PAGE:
When i said my blood pressure went as high as 230/90 right after exercising i meant within 2 minutes after stopping the exercise itself.that's hypertensive... do not consume any sodium unless you are adding it to food yourself. i notice a drop in blood pressure after working out, that is, an hour or so. when you say "right after" do you literally mean like minutes after you stop or how soon after working out are you taking it? the second reading may not be accurate...
I would suggest most of these heart attacks are due to selenium deficiency, or in the case of ruptured aortic aneurysm, a copper deficiency.If you are regularly getting high raised BP after exercise it is usually a sign of increased artery plaque and stiffening. A lot of Marathon runners getting heart attacks are due to this problem.
The man mentioned in the Heartscan blog had his plaque measured by CT scan and despite running long distances he had extensive plaque build upMarathon runners should not have plaque buildup..
./20/84 – Jim Fixx, author of “The Complete Book of Running”, drops dead of a heart attack at the age of 52. Dr. Eleanor N. McQuillen, Vermont’s chief medical examiner who performed an autopsy on Mr. Fixx, said in an interview that all three of his coronary arteries were damaged by arteriosclerosis, the underlying cause of heart attacks.
Long distance running INCREASES coronary plaque buildup
Based on the multitude of treadmills at the average gym, the idea of jogging endlessly gives the impression that you are “getting in some cardio” and that “your heart will thank you”. Two recent studies show that is NOT the case. One study, administered at the West-German Heart Center Essen, focused on male marathoners age 50 and up. Among the study’s findings, while the runners had lower than average cholesterol levels and better blood pressure, they had more measurable coronary calcium buildup or plaque than the general population. In the study, German scientists scanned the hearts of 108 experienced, male distance runners in their 50s, 60s and 70s. The runners had completed a minimum of 5 marathons in the previous 3 years. When the researchers studied the runners’ scan results, they found that more than a third of the men showed evidence of significant calcification or plaque build-up in their heart arteries. Several also had scarring of some of the tissue in their hearts. The researchers stated, “In our study regular marathon running seems not to protect runners (from coronary artery disease). In fact, we even cannot exclude the possibility that exercise to this degree has deleterious effects on coronary arteries.”(3)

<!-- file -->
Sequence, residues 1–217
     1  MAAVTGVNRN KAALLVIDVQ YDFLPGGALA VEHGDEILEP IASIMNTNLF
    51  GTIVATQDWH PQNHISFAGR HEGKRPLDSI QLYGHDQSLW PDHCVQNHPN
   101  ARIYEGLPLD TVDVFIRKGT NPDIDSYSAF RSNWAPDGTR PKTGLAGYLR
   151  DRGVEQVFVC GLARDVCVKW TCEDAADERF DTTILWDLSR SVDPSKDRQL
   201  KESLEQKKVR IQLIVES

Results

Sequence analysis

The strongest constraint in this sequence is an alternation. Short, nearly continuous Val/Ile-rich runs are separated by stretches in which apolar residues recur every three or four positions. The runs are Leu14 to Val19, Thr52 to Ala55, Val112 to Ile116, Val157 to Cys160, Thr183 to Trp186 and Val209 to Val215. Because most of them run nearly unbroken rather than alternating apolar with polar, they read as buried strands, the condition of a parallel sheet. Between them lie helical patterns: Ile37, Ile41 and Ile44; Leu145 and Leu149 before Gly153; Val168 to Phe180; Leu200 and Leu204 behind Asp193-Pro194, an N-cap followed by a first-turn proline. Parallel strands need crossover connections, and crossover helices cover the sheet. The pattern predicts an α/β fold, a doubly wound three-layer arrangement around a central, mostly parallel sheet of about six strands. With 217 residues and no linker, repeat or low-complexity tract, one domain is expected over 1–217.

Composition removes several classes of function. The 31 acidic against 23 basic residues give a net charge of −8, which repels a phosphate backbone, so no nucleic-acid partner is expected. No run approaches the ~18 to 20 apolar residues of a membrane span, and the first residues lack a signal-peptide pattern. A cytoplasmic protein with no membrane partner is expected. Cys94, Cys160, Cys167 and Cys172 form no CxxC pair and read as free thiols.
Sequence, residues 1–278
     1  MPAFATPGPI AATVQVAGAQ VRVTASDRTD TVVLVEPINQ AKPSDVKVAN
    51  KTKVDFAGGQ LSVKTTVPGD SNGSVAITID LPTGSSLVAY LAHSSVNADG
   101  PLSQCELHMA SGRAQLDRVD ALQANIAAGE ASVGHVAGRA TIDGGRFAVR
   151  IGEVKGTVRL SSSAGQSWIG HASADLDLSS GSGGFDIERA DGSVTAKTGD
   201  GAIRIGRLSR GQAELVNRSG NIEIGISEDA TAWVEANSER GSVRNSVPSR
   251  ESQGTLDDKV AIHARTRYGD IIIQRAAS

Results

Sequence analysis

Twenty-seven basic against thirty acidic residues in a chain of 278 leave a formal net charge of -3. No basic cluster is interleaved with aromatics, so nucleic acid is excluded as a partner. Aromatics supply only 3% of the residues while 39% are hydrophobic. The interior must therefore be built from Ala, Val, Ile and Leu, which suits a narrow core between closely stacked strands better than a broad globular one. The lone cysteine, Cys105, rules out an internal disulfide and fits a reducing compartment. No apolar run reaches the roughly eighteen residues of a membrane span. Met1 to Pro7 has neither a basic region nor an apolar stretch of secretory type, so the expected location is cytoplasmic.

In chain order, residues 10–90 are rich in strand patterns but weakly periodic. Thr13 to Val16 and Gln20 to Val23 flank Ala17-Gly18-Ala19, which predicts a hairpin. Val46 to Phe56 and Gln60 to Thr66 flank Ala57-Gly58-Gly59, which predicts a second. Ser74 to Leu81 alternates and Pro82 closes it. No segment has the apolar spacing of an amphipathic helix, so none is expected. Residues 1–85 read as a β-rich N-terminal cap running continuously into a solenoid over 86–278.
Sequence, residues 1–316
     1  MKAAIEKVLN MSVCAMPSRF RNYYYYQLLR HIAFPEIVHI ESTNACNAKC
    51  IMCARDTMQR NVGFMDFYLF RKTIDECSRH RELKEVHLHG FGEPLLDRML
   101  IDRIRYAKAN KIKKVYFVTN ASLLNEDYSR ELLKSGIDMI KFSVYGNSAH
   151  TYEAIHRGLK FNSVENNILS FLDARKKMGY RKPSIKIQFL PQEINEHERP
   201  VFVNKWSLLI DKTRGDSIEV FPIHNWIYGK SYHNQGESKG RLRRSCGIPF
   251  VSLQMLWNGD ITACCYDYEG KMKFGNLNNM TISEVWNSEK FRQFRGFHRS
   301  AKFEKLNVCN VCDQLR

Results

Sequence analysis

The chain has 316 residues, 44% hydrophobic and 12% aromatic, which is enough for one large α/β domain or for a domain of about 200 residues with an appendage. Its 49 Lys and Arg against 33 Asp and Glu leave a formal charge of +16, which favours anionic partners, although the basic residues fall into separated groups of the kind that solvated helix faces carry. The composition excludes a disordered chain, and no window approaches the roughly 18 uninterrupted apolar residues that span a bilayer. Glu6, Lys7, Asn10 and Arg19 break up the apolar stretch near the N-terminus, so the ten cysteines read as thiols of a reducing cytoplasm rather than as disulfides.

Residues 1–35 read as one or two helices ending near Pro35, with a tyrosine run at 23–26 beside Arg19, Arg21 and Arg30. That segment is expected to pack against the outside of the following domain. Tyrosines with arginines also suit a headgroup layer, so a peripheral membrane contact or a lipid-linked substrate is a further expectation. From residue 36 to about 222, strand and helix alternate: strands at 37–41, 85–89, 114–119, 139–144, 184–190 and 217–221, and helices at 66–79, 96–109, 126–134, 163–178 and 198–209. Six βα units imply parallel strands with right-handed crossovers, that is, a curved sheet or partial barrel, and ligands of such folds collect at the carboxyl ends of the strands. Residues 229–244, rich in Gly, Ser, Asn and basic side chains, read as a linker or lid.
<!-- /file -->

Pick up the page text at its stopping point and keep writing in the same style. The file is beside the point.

A second study of 25 middle-aged male runners, each of whom had completed the Twin Cities Marathon annually for the past 25 consecutive years, demonstrated they had significantly greater mean volumes of coronary calcified plaque than did age-matched sedentary controls. The lead researcher, Dr. Jonathan Schwartz said, “The bottom line here is just because you run a lot of marathons and you’re very active doesn’t mean you’re protected from coronary artery calcification. Benefits to long-term, high-volume endurance training for overall health include favorable body mass index, heart rate, and lipid panel, but these may be counterbalanced by metabolic and mechanical factors that enhance coronary plaque growth.”(4)
I find this quite amazing as it is not logical.The man mentioned in the Heartscan blog had his plaque measured by CT scan and despite running long distances he had extensive plaque build up
Most of the studies I have seen dont bear out the theory that long distance running prevents plaque build up.